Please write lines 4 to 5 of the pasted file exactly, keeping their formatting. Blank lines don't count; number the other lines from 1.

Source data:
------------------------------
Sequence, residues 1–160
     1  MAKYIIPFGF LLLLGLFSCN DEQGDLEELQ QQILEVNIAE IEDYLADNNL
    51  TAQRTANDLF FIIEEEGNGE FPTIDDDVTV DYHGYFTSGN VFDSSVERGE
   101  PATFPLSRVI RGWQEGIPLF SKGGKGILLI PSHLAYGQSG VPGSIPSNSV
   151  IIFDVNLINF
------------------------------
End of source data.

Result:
   101  PATFPLSRVI RGWQEGIPLF SKGGKGILLI PSHLAYGQSG VPGSIPSNSV
   151  IIFDVNLINF